During the past decade, the Vietnamese movie industry has witnessed considerable development with many private studios opening and audiences enjoying a more diverse range of films. But how has this contributed to the growth of the Vietnamese cinema which marked its 60th anniversary recently?
Ngo Phuong Lan, director of the Ministry of Culture, Sports and Tourism's Cinematography Department, spoke about the 60-year journey of Vietnamese cinema and its global integration.
You said that filmmakers should develop a diversified movie industry. What is a diversified movie industry? Why do we need it?
I think it is necessary to develop the movie industry in this way because Vietnamese audience are huge, diverse and of different ages. I want to stress that filmmakers who make movies that are purely for entertainment should improve their professional skills and create more valuable films with a message to their audiences.
Films made just for entertainment easily win the hearts of young audiences in the 16-25 age group and sell many cinema tickets. They hold a large market share.
How can these films contribute to the development of the national cinema with a Vietnamese cultural identity if these movies aim to satisfy audiences' casual tastes?
Different types of films should focus on Vietnamese culture in the new era, with a vision that's confident and of full of national pride.
The movie industry should produce mainstream movies that reflect Vietnamese cultural identity if filmmakers want to stand out at international film festivals.
Many Vietnamese audiences still remember the past glory days of Vietnamese cinema when we had movies that were recognised at international festivals. Most of them were made in very difficult circumstances during a time of war.
Why do we fall short in regards to films that are ideologically valuable in recent years?
In past years, veteran filmmakers devoted their lives to cinema. They made movies with all their talent and passion and never thought about other purposes.
In other words, the State ensured good conditions for filmmakers to make one or two movies each year. Filmmakers never worried about film distribution and screenings.
Since the country began its renewal progress, the movie industry is no longer fully State subsidised. It is very hard to find a way to develop the industry while also meeting the demands of modern society.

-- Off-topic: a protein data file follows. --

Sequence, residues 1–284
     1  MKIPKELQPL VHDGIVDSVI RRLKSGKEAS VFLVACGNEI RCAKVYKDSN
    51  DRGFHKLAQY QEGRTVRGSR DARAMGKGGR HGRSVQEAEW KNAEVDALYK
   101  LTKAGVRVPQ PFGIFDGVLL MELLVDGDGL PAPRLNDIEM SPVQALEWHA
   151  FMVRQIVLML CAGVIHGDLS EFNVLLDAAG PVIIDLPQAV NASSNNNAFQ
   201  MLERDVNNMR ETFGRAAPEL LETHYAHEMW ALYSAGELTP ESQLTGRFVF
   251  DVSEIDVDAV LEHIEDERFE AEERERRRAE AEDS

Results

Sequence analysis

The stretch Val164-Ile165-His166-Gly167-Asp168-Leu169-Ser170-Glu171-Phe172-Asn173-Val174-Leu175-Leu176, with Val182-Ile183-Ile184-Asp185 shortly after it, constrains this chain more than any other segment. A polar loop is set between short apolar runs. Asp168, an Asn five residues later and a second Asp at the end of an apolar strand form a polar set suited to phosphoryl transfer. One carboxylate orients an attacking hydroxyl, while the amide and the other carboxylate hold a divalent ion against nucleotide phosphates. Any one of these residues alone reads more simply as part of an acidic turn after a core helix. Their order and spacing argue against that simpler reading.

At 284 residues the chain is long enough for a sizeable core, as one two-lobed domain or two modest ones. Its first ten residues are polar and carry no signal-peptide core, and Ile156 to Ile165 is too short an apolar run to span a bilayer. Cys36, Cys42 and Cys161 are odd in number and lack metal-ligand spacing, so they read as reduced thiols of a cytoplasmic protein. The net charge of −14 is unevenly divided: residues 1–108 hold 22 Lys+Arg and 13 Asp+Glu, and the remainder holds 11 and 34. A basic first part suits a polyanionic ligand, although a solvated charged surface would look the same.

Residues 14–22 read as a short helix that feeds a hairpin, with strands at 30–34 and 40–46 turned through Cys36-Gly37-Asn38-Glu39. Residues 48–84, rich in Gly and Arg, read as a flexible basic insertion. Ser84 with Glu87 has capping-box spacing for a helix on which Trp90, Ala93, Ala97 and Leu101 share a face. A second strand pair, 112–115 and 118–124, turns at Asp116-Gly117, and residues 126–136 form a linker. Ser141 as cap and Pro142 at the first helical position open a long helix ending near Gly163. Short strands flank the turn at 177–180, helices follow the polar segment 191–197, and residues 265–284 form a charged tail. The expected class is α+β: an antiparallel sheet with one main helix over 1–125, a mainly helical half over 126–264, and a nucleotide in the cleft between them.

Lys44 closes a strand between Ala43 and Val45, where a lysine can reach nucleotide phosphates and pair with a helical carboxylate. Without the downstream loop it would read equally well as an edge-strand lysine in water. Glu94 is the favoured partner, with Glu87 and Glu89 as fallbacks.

Society has also changed with time. In the past, cinema used to be the top priority because of its strong impact on society. Now audiences have many other choices for entertainment.
Additionally, technological development has also helped audiences benefit from easy access to top movies from around the world on the internet. It is a real challenge for the Vietnamese movie industry.
Can we blame globalisation and a changing society?
As Viet Nam is a member of the World Trade Organisation, the movie industry is one of sectors that have no import quotas. It means that there is no limit on imported movies and at the same time distribution and production of local movies face numerous difficulties.
The State has limited its investment in movie production. As a result, there were no movies produced last year.
In your opinion, what makes revolutionary cinema successful?
In fact, not many filmmakers make movies like classic Vietnamese films. This is because these classic films always revolved around the contrast between black and white or good and evil. This is the source of success for revolutionary cinema.
Later, the filmmakers of these classics themselves changed the way they made their movies.
Recently, we had a few movies that were highly poetic such as Thuong Nho Dong Que (Nostalgia for the Countryside); Thung Lung Hoang Vang (Deserted Valley) and Luoi Dao (The Knife's Edge).
The movie industry has experienced a period in which social realism was the major focus of movies. However, I think human values are the most important thing that the filmmakers should spotlight in their works, in particular in movies funded by the State. That is our goal. — VNS